By Idella Moore
Wednesday, January 17, 2007
Opponents of the Equal Rights Amendment have for decades depicted it as a proxy case for same-sex marriage. Idella Moore calls it a 30-year case of propaganda and says recent court cases have caught perpetrators coming and going.
Editor's Note: The following is a commentary. The opinions expressed are those of the author and not necessarily the views of Women's eNews.
(WOMENSENEWS)--Last month Maryland's Court of Appeals agreed to review lower court Judge Brooke Murdock's ruling that the state's ban on same-sex marriage violated the state's Equal Rights Amendment, adopted in 1972.
As a longtime ERA proponent I hope the Maryland Appellate Court will follow other recent higher courts in deciding that same-sex marriage and the ERA are two completely separate issues.
Advocates for a constitutional guarantee of legal equality for women have been working since 1923 for an ERA to our U.S. Constitution.
We have watched as other countries have added similar gender equality language to their constitutions. We have cried "foul" as the U.S. government shamelessly insisted that a statement giving men and women equal rights be included in the new constitutions of Afghanistan and Iraq while denying that same right to American women.
Our campaign is seeking to add these simple words to our constitution: "Equality of rights under the law shall not be denied or abridged because of sex." Yet today we must battle not only long-time opponents of the amendment, but defend this amendment against misinterpretation by those whom most would consider our natural allies.
Maryland's state ERA has the same wording as the proposed federal amendment, yet in reaching her ruling Murdock decided to side with gay marriage lawyers' claims that the reference to "sex" includes "sexual orientation." This interpretation of the ERA has been tried before and has been consistently rejected in higher court decisions since 1974.
Again and again, higher state courts have said that a ban on gay marriage does not constitute sex discrimination because the ban applies equally to women and men causing no inequity on the basis of gender, since neither men nor women are allowed to marry members of their same gender.
The connection between the ERA and gay marriage began in the 1970s, when STOP ERA activists employed it as one of several scare tactics. They depicted the amendment as a threat to the structure of our entire society that would cause social upheaval and destroy the family unit.
Enough lawmakers believed--or purported to believe--the claims that the ERA ratification deadline came and went on June 30, 1982, with only 35 of the 38 required state ratifications.
Now, 24 years after the 1982 ratification deadline, a new campaign to finish ratifying the ERA is well underway. We want to gain ratification in three more states and then challenge the 1982 deadline. Ratification legislation has been introduced in several states--such as Illinois, Missouri, Florida and Arkansas--that never ratified the ERA.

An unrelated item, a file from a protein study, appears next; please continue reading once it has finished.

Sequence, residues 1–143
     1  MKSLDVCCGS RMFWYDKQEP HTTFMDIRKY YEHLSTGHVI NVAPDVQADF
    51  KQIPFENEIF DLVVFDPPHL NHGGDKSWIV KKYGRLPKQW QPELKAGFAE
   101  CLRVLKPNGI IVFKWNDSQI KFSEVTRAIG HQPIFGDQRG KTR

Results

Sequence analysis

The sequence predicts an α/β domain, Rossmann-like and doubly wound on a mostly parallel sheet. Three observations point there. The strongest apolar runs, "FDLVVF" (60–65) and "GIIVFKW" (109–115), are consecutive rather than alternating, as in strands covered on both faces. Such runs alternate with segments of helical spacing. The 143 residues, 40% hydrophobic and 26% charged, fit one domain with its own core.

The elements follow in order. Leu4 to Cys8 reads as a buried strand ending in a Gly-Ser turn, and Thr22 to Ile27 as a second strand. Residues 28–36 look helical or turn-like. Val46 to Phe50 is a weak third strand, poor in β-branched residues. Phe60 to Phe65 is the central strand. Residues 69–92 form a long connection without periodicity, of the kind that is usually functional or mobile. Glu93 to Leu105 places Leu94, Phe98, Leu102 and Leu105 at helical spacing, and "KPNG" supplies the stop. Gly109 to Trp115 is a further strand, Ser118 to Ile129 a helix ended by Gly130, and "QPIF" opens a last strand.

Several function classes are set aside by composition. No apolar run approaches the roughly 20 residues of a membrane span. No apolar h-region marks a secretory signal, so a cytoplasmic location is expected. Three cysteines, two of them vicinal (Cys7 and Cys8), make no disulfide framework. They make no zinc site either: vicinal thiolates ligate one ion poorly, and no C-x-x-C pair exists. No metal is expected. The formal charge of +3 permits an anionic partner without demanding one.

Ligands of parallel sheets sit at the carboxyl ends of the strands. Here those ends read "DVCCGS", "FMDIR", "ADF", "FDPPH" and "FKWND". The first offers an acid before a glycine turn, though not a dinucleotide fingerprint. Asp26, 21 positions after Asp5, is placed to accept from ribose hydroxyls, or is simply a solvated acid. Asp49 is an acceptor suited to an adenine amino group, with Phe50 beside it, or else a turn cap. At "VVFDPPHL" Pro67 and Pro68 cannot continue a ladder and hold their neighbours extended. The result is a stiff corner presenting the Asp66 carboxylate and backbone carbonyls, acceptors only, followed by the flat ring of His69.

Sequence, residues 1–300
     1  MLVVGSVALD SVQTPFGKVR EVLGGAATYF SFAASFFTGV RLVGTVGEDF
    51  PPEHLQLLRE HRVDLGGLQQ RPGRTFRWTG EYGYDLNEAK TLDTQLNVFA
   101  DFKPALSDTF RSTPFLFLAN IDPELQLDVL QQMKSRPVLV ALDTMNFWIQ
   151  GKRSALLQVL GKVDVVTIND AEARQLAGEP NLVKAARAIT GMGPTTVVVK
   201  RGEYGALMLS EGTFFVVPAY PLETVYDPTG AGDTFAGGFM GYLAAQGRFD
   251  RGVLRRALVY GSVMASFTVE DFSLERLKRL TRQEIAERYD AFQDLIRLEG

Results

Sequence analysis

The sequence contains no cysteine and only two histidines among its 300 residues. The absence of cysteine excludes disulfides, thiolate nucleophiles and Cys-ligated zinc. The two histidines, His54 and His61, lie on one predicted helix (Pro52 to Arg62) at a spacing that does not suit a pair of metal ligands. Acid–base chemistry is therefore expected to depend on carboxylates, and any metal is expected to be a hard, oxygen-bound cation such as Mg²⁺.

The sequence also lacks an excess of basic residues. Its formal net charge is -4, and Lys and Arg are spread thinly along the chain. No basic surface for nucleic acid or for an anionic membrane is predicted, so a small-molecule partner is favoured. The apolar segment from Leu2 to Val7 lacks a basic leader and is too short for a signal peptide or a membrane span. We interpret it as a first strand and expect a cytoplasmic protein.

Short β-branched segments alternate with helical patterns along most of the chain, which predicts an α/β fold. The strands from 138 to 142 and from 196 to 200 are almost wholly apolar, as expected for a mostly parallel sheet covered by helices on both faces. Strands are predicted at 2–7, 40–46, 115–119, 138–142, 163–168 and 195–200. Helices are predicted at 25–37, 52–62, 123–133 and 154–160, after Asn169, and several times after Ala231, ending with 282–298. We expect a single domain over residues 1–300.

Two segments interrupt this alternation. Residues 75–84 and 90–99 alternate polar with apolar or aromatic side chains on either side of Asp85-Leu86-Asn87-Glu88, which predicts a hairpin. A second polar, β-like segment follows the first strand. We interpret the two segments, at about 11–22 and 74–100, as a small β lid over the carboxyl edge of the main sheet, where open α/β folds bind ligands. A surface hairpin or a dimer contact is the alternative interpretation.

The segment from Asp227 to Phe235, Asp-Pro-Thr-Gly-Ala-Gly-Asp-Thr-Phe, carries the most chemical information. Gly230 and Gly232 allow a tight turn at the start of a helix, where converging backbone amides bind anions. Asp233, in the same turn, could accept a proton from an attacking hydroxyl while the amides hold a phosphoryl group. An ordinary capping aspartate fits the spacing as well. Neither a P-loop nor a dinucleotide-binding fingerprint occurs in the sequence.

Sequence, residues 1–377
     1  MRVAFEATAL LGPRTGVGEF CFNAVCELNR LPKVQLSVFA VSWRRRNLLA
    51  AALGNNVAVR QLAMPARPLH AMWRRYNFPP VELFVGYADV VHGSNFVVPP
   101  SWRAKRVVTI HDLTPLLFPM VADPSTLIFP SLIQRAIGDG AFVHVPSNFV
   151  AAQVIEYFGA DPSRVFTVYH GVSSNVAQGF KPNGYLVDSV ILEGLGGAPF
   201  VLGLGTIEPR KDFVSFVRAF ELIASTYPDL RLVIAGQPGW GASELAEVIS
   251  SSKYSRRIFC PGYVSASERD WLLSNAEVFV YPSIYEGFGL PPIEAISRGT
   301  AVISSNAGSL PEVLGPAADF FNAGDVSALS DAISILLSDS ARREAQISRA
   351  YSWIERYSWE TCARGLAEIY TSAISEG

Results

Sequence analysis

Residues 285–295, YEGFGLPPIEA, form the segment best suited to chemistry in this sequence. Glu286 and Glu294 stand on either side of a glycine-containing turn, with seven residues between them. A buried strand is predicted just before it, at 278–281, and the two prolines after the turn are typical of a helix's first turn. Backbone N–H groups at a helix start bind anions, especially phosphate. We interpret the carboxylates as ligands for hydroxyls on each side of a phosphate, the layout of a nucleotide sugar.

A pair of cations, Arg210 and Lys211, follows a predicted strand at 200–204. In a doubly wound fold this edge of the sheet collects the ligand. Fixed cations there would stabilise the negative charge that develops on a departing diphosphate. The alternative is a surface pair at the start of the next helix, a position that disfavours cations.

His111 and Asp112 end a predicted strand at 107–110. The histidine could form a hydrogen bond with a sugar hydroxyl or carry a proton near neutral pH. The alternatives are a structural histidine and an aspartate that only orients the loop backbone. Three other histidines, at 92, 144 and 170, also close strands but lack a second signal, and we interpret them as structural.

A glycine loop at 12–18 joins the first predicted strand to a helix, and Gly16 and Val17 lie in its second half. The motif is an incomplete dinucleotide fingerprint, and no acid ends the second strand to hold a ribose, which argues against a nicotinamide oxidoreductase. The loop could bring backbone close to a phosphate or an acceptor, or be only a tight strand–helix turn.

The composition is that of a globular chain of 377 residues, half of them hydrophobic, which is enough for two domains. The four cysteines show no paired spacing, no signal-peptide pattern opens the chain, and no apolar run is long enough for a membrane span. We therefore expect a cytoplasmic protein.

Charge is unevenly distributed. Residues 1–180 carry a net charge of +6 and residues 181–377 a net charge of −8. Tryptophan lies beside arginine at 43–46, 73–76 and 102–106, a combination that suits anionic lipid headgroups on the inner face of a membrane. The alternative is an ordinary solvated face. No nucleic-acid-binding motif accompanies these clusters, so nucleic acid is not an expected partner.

The renewed ERA campaign has riled up opponents who are taking advantage of the same-sex marriage issue's high profile to once again claim the ERA is a backdoor route to legalizing same-sex marriage.
In a case of strange political allies, anti-ERA and anti-gay marriage activists are teaming up with same-sex marriage lawyers to make the same erroneous claims about the ERA. In early 2005, for instance, gay marriage lawyers in Washington argued before their supreme court that the state ERA rendered a ban on same-sex marriage unconstitutional. Who did they find agreeing with them? None other than arch-social conservative Phyllis Schlafly, founder of STOP ERA, who for 30 years has been declaring the ERA will grant same-sex marriage.
In July of last year, after 18 months of deliberation, the Washington State Supreme Court reaffirmed its 1974 decision and ruled that the state's ERA has no bearing on gay marriage because the ban on gay marriage affects women and men equally.
This echoed decisions handed down in Vermont in 1999 and in Massachusetts in 2003. Although both those courts found other reasons for siding with gay marriage couples, they both explicitly rejected arguments that a ban on same-sex marriage constituted gender discrimination.
But despite these decisions Schlafly and her Eagle Forum nonprofit group continue to argue that the ERA is a same-sex marriage initiative in disguise.
Cracks in this anti-ERA strategy, however, are beginning to appear.
The Family Research Council, a staunch Schlafly ally, publicly continues to support the spurious proposition that an ERA equals gay marriage. But it is furtively arguing just the opposite.
In the wake of the Washington ruling this past summer, the Family Research Council, based in Washington, D.C., filed a brief in the Maryland case accusing Judge Murdock of using "flawed Equal Rights Amendment analysis" and offering the Washington state decision as proof that the ERA cannot be used to legalize gay marriage. Yet in November, the Family Research Council's Tony Perkins wrote an article saying that Schlafly is correct when she says the ERA is "an excuse for legalized same-sex marriage."
Unfortunately for our campaign, the ERA is so far off the media radar that no journalists have bothered to connect the dots enough to find Schlafly siding with gay marriage attorneys in one state and the Family Research Council both supporting and not supporting the Equal Rights Amendment in another.
If any were watching, they'd see clearly enough that ERA opponents are in a state of legal inconsistency and getting caught, finally, in their own trap.
Idella Moore is founder of 4ERA.org, a national single-issue, non-partisan organization working to finish ratification of the federal Equal Rights Amendment.
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